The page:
As a resident in dermatology, one has made it through many critical achievements from MCAT scores to the STEP series, completing medical school to striving for that AOA class rank and finally matching into your next three years as a dermatology resident-in-training. Dermatology is a diverse field that requires an understanding of many subspecialties within its own training program. While the American Board of Dermatology (ABD) ensures adequate training and exposure for all Board-Certified Dermatologists completing an ACGME-approved residency program, an increasing number of physicians choose to pursue an additional one to two years of post-residency training. In 2014, 28.8% of graduating dermatology residents planned on additional training, according to the American Medical Association Residency and Fellowship Database.1 Post-residency training opportunities range from ACGME-approved fellowships in Dermatopathology, Pediatrics and Micrographic Surgery & Dermatologic Oncology; ASDS-approved fellowships in Cosmetic Dermatologic Surgery; and various institution-based fellowships in Medical Dermatology, Cutaneous Oncology, Rheumatology, Epidemiology and Contact Dermatitis.2
To Become an Expert
Fellowship allows the unique opportunity to pursue specific training in a formal environment with leaders in the field. This additional education allows one to better define his or her area of expertise and can often be further personalized to individual interests within the scope of the fellowship. “Fellowship allowed me the opportunity to focus on developing a niche (in hair and nail disorders) within academic medicine,“ stated Kristen LoSicco, MD, who completed the Advanced Medical Dermatology Fellowship at NYU under the guidance of Dr. Jo-Ann Latkowski.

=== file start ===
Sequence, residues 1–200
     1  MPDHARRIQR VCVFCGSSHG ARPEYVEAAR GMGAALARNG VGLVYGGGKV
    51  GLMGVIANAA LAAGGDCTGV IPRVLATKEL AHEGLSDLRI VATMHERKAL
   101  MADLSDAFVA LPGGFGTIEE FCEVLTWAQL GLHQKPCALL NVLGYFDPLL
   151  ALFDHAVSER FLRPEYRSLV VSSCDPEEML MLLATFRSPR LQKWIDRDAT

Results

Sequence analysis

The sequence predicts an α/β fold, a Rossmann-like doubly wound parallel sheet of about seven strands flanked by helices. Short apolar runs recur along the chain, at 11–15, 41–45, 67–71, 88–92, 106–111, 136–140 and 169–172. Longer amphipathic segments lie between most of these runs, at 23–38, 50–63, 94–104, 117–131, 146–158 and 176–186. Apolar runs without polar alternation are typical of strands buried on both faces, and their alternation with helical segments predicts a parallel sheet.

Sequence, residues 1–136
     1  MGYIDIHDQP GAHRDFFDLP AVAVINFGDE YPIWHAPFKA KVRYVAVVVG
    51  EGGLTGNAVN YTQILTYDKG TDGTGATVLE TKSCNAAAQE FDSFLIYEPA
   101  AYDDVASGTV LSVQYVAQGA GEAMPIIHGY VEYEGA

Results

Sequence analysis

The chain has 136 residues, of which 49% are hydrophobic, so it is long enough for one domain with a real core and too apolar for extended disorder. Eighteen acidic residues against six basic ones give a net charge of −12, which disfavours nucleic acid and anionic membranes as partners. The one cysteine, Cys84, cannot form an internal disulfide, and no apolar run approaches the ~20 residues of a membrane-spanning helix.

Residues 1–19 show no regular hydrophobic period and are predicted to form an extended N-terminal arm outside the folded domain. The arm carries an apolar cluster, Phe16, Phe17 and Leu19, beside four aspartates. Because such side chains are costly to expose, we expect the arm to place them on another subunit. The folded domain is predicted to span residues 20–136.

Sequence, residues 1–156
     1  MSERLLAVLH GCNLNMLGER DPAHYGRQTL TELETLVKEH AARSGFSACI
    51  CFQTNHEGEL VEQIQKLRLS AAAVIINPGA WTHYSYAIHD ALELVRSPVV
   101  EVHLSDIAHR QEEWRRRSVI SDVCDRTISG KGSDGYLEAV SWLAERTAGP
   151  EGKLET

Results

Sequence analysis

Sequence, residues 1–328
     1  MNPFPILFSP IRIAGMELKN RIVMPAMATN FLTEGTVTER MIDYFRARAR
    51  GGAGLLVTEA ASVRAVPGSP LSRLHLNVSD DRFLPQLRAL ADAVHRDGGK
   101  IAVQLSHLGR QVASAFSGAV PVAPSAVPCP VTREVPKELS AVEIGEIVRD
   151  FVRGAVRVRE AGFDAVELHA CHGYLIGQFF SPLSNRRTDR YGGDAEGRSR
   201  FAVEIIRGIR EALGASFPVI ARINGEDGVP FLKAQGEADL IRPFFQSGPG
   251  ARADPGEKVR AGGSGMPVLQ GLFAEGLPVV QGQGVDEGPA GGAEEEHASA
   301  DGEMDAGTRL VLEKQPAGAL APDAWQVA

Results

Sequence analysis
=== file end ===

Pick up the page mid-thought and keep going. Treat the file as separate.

To Have a Broad Support Network
Investing an additional year in your education is an opportunity to groom wisdom from key mentors and create a deeper knowledge base in a particular skill. “Fellowship offers the unique opportunity of one-on-one mentorship and provides the hands-on experience necessary to develop and grow a highly-specialized skill set,” states Vitaly Terushkin, MD, a fellow of Zitelli and Brodland Skin Cancer Center for Micrographic Surgery and Dermatology Oncology. The mentorship cultivated during fellowship promotes personal and professional growth. These relationships help shape careers and often allow for increased opportunity to be involved in professional societies.
Many influences factor into the decision-making process of pursuing a fellowship: relationships, family, available opportunities, geography and academic interest… to name a few. Although, debt does not appear to be a factor in physicians pursuing non-procedural fellowships.3 Post-residency fellowships offer a higher level of focused education to apply specific skills in clinical practice. It also equips physicians with additional resources for pursuing careers in research and education. A recent study demonstrated that fellowship-trained dermatologists had a higher level of scholarly productivity when compared to non-fellowship trained dermatologists in an academic setting.4 Overall, this investment of additional training can open the door to new opportunities, mentors and ultimately shape one’s career.
1. American Medical Association. FREIDA Online. https://freida.ama-assn.org/Freida/user/specStatisticsSearch.do?method=viewGraduates&pageNumber=3&spcCd=080. Accessed May 28, 2016.
2. Park KK. Fellowships after dermatology residency: the traditional and beyond. Cutis. 2015;95:E31-34.
3. Javorsky E,Kostecki J, Kimball AB. The relative popularity of nonprocedural dermatology fellowships. J Am Acad Dermatol. 2012:66:693-4.
4. John AM, Gupta AB, John ES, Lopez SA, Lee B, and Lambert WC. The Impact of Fellowship Training on Scholarly Productivity in Academic Dermatology. Cutis. 2016;97:353-8.